Health Impact Assessment

Health Impact Assessment
All the materials from our 2012 New England Health Impact Assessment Series are now posted on the HIA resources page.

The importance of considering health impacts in developing all types of policies and programs is now widely recognized. A new policy tool, the Health Impact Assessment (HIA), increasingly is being used across the country to help decision-makers in fields such as transportation, housing, workforce policy, education, and agriculture to understand and analyze those impacts.

HIAs identify health impacts before critical decisions are made, facilitate collaboration among policymakers and decision-makers in different fields, and ultimately can help improve the health of Americans. At its core, a HIA determines the likely health effects of a proposed action – such as a policy, rule, project, program, or other activity – and makes recommendations on how to address them.

HRiA uses a 6-step framework recommended by the National Academies of Sciences to capture the appropriate elements in order for a HIA to be successful.

  • Screening – establishes whether a HIA is needed and how it would be useful.
  • Scoping – identifies the elements that will be examined in the HIA, including the populations that would be affected; the health effects to be evaluated; research questions and plans to address them; data and methods to be used and alternatives to be assessed; the team that will conduct the HIA; and a plan for stakeholder participation throughout the process.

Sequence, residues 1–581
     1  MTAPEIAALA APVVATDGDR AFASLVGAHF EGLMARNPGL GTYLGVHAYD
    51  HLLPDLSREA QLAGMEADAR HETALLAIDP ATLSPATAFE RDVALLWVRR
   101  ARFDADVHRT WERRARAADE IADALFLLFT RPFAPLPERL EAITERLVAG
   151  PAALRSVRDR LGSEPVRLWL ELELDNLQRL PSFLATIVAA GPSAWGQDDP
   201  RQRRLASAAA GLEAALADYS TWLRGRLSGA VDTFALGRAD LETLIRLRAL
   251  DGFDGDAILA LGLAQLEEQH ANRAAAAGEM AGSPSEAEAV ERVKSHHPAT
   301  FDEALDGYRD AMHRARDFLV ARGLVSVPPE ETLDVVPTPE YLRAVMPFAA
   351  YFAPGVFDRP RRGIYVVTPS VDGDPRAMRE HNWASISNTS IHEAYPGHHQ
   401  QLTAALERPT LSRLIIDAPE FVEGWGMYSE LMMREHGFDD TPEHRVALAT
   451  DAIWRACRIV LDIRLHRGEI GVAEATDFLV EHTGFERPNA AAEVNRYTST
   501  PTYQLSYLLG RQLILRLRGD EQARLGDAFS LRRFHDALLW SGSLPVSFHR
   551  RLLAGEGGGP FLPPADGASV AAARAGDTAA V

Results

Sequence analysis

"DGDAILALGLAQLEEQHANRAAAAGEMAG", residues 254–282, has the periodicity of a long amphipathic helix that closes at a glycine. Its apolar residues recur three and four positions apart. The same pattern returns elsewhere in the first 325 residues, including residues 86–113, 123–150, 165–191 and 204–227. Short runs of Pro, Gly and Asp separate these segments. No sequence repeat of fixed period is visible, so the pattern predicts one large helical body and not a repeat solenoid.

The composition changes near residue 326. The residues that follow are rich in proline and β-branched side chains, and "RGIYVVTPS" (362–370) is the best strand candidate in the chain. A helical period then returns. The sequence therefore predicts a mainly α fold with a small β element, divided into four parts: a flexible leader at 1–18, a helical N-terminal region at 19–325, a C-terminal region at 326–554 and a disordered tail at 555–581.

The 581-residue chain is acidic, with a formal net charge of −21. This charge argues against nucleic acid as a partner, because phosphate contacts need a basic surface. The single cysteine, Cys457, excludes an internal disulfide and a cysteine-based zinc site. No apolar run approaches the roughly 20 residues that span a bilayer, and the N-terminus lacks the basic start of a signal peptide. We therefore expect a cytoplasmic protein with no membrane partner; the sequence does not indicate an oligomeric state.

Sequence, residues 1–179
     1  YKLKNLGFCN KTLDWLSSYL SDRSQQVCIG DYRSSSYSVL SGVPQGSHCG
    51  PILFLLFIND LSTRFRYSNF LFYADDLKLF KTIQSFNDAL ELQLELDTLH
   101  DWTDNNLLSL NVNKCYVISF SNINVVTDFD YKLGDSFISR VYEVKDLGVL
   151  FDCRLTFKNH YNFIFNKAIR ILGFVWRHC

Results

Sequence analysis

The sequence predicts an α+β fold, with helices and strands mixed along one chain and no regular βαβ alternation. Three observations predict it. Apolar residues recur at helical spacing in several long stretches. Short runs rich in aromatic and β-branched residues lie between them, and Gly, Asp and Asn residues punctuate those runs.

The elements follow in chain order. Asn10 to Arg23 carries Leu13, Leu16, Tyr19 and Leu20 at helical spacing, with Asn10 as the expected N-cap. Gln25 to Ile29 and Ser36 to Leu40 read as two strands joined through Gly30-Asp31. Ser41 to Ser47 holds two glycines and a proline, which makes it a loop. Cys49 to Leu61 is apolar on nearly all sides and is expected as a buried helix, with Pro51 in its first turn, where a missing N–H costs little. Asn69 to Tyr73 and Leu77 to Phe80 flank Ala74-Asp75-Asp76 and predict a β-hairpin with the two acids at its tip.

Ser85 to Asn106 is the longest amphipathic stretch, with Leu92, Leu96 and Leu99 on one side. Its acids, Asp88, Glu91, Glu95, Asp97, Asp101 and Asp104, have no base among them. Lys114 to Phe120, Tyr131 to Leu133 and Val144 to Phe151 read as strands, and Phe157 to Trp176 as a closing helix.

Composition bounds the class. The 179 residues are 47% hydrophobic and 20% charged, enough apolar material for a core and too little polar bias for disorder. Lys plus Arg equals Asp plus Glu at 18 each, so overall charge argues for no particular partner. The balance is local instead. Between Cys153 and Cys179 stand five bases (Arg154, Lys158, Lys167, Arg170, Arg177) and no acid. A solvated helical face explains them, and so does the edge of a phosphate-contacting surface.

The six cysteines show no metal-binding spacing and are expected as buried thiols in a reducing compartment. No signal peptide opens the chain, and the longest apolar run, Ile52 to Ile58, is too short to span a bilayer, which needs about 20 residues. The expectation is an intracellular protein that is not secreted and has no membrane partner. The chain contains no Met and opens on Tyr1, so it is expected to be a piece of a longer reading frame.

• Assessment – describes the current health status of affected populations, and characterizes how each alternative under consideration would affect their health.
  • Recommendations – suggests actions or changes in a proposal to minimize its negative effects and maximize its positive effects.
  • Reporting – communicates findings and recommendations to the full range of stakeholders, including decision-makers, other policymakers and professionals, advocates, the media, and the public.
  • Monitoring and Evaluation – Tracks the impact of the HIA on the decision-making regarding the proposal and/or on the health of affected populations.
HRiA staff are trained in HIA methodology and are experienced in the HIA process. Typical partners can include multi-sector government agencies; hospitals and health care organizations; community-based organizations; university-based researchers; advocacy groups, and business and industry stakeholders. HRiA has developed several resources to help organizations that are considering a health impact assessment:
Kathleen McCabe Kathleen McCabe, MPA
617.279.2240 ext. 512

Kathleen McCabe

Kathleen McCabe joined the HRiA team in 2006 and brings both strategic leadership and technical content expertise to HRiA’s Policy and Practice work. During her tenure at HRiA, Ms. McCabe has managed the organization’s smoke-free housing work, led best practice policy research in the areas of transportation, chronic disease prevention, climate change and healthy homes, and partnered with HRiA colleagues on both strategic planning and Health Impact Assessment.

Prior to coming to HRiA, Kathleen worked at the Boston Public Health Commission where she served as a Mayor’s Urban Mechanic Fellow and coordinated projects related to obesity prevention. Ms. McCabe is a graduate of Boston College and holds a Masters in Public Administration from Northeastern University.

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